There is technically no such thing as the Hard Boiled Egg Diet, well at least there is no book on it. There are though a number of egg based diets that have been published on the internet.
Egg diets tend to be high protein low carb diets which can be useful for short term weight loss, but not long term. One of the most well known egg based high protein diets is the egg grapefruit diet which combines both protein and grapefruit to burn fat fast, or so it’s claimed.
The hard boiled egg diet came to prominence as a number of well-known actors and actresses have reportedly successfully followed an egg based diet, although we cannot find the exact diet they would have used.
However, an approximate meal plan for the day would suggest, although low in both calories and carbs:
Breakfast: Either 2 hard-boiled eggs or scrambled eggs with half a grapefruit.
Lunch: Turkey breast (skin removed) with a green leaf salad.
Dinner: Spanish omelette (2 eggs, red peppers, zucchini, tomato).
Old advice to limit eggs to just a few each week has been abandoned. According to the Food Standards Agency in the UK, there’s now no limit to the number of eggs you can eat in a week as part of a healthy balanced diet. Previous advice may have been caused by a lack of understanding between dietary cholesterol and blood cholesterol. Nevertheless, please bear in mind the high levels of cholesterol in an egg.
According to the US Department of Agriculture Nutrient Database, a single large 50g hard-boiled egg contains 186mg of cholesterol. Now according to the US Food and Drug Administration (FDA) the average cholesterol limit for both men and women is 300mg daily. There is little evidence however that eggs increase our bad cholesterol levels. The Harvard Medical School has published studies suggesting men can safely eat seven eggs per day. It’s advised though, that if you suffer from diabetes, to limit your egg intake.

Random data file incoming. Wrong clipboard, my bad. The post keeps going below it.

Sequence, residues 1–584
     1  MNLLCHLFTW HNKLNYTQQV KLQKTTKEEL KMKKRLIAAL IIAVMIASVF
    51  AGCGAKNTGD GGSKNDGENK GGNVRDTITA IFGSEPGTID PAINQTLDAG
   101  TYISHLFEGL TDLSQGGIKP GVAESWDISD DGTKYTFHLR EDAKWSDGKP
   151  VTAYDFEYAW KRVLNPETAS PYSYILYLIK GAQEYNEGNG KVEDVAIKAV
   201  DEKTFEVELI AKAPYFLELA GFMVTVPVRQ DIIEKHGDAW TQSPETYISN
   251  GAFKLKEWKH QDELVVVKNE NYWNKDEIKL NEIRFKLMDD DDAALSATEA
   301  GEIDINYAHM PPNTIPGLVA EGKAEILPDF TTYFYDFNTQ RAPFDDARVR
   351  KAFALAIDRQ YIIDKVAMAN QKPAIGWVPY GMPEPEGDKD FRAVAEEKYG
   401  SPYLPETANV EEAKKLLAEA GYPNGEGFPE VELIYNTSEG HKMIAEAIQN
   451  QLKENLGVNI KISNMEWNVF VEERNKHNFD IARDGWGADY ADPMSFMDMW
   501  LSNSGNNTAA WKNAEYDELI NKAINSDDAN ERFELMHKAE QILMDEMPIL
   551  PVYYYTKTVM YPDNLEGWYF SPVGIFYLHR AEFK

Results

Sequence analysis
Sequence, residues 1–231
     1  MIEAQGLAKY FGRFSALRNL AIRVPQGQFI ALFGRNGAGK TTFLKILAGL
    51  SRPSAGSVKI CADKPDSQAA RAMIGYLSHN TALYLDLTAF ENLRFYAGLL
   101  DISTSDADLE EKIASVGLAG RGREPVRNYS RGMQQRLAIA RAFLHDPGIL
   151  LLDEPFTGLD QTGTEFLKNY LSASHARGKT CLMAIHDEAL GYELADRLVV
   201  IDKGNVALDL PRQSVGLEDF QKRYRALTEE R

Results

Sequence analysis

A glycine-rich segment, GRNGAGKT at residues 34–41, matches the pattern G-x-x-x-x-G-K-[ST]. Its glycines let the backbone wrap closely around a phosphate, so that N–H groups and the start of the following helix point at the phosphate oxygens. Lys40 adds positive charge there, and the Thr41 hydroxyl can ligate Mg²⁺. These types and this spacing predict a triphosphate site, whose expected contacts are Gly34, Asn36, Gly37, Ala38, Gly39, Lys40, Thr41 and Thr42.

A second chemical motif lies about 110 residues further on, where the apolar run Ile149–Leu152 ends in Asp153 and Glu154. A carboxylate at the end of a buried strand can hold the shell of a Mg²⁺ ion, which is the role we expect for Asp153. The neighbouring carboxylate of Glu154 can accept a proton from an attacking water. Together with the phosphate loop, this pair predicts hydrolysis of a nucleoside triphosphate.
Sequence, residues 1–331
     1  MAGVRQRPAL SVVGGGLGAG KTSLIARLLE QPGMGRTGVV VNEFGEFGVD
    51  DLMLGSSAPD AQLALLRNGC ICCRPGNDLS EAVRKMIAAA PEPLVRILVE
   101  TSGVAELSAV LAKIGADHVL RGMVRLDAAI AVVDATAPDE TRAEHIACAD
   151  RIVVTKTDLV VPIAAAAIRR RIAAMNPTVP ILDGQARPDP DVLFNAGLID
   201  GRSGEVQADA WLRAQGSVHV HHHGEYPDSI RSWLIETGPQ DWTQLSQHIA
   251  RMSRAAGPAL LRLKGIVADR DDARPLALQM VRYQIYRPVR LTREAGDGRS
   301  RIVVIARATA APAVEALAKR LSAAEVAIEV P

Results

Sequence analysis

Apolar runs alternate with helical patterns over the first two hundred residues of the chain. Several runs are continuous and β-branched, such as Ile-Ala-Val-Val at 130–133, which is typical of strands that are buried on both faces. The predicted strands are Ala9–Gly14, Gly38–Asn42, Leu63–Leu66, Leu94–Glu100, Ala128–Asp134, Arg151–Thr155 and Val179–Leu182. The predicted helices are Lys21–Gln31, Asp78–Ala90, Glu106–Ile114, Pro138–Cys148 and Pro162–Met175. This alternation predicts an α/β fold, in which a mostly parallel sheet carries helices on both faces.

How many calories in eggs? Each hard boiled egg contains just 76 calories. So whilst they are low in calories, they are high in cholesterol.
International Journal of Obesity published research findings in 2008
about how eggs can affect weight loss. In a study of 152 people between
the ages of 25 and 60, with a BMI of greater than 25, participants were
split into 4 groups. Two different groups had an egg based diet, and the
other two groups had a bagel based diet. Of these 4 groups, 2 were
calorie restricted, and the other 2 were not. The egg groups eat 2 eggs
containing 340 kcal for breakfast. After 2 months the study concluded
that an egg based breakfast does increase weight loss only if part of a
calorie restricted diet, i.e. introducing eggs as part of the diet
increased the weight loss. However, it also showed that when eggs were
introduced into a non-calorie restricted diet, no weight loss was noted.
Whilst eggs are not high in protein when compared to some other foods, nutritionists praise the quality of the protein, given the eight essential amino acids they contain. We’d recommend only purchasing free range or organic eggs. Standard commercial eggs or eggs from battery farms may be deficient in vitamin B12, and other nutrients.
One egg in 10,000 is contaminated with salmonella, so you should never eat undercooked eggs. Eggs are not cooked properly if they have runny parts.
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